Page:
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The day I agreed to get married – Part2 (Finally)

Posted by Neeraj Kumar on March 8, 2007

(Flashback: Continued from here . Delay in this post was caused due to my employer showing me the contract that I indeed have been hired to work.)

If for Jane Austen (Ref: Pride and Prejudice) single man in possession of a good fortune must be in want of a wife, for parents, its jobs.

A conversation/argument with your dad probably ranks only next to waking up early on a winter morning in terms of difficulty. I have tried to be an obedient son and I was being put on trial here. Say, but make sure you are not disrespectful. Stay quiet and “Yes” will be taken as the implied answer. There was no way out. Chances of success were looking bleak. In the past I have dealt with desperate situations like these by estimating the worst case scenario and convincing myself that it was not bad enough. I was struggling to convince myself here. Its interesting how your most significant qualities desert you when you want them most. I have generally tried to latch on to humour to get me off the hook but, here I was not finding anything funny. It was getting serious.

Me: Do I have to answer now?

Dad: Why, who do you have to ask?

Me: No, but I mean there were so many things I wanted to do.

Dad: Well, Isn’t marriage one of those on your sorry list?

Me: Well, yeah! I think….But –

Dad: (Without letting me finish) This is the problem with today’s generation. They think more and do less.

(I kept quiet hoping that the conversation would end on this note as any answer might provoke him to speak.)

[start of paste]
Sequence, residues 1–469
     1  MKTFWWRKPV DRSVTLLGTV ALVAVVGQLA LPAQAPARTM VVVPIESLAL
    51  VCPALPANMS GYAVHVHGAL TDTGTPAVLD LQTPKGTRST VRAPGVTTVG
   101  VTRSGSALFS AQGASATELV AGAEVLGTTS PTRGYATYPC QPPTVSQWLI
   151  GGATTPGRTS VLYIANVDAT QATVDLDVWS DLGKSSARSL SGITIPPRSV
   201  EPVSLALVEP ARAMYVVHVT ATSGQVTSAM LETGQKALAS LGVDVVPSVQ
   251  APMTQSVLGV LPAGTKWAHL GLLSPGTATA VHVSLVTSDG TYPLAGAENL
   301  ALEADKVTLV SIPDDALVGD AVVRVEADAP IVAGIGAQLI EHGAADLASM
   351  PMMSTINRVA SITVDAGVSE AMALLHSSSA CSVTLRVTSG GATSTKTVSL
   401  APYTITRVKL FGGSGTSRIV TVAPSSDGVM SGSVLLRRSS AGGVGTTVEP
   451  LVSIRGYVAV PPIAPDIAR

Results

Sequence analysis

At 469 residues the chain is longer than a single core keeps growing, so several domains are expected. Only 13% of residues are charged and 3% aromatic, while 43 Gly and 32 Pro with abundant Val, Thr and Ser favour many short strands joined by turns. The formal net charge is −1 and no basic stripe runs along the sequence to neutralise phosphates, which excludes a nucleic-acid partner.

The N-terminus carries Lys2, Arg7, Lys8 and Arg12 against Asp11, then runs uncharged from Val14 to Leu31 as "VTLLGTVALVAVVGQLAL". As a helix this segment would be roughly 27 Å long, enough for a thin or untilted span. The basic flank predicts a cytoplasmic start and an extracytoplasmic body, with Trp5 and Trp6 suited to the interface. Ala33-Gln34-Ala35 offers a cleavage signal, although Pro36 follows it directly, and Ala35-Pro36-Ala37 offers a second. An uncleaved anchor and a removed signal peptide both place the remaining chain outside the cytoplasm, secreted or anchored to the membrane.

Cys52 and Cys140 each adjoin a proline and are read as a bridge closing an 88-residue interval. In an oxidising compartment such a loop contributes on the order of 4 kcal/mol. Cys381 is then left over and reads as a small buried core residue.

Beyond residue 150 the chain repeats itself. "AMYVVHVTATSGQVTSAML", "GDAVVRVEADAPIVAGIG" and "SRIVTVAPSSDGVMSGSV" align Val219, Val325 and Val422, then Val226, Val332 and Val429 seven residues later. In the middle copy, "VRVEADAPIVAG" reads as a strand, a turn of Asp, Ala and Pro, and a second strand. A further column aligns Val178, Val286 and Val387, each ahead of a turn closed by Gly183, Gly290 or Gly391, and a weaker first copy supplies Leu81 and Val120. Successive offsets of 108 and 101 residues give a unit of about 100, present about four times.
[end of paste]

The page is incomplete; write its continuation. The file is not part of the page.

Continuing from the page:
Dad: Do you realise that most guys of your age and from your batch are married? Or is there somebody you have in London you are not telling us about? (Without waiting for me to answer) Listen, I understand that there is some generation gap here. If you think that I don’t understand that then you are wrong. I understand. I understand more than you think. I will not impose my thinking on to yours. I am quite liberal when it comes to that. I don’t believe in telling people what to do. If there is a girl there, I have no problem with it. Why will I have problem? After all its you who has to marry and its you who has to live with her. Why do you think we will have problem with that? (And I was thinking ‘wow!’ and he goes) Just make sure that it is not one of those white girls. After all there is something called society that we have to consider and keep in mind. After all people have been following these traditions for ages. There must be some meaning to it. So, just make sure that she is a decent maithil brahmin girl of a different Gotra to ours. (Background: Maithil Brahmins are one type of Brahmins belonging to Hindu religion. There are certain rules that you need to follow. This link has something to say about it. Quality is a suspect.)

Me: There is nobody in London! (‘who fits your profile’ I thought in my head)

Dad: Then what is the problem then? Haven’t you heard that behind every successful man there is a woman?

(Flashback: This almost made me laugh! I never thought this will be used as an argument to convince somebody to get married! Moreover, this was one of the (in)famous old adage we used to amuse ourselves with during our fun-discussions in student life! I never thought I will have to argue this point with my dad. And what more, I did a terrible job!)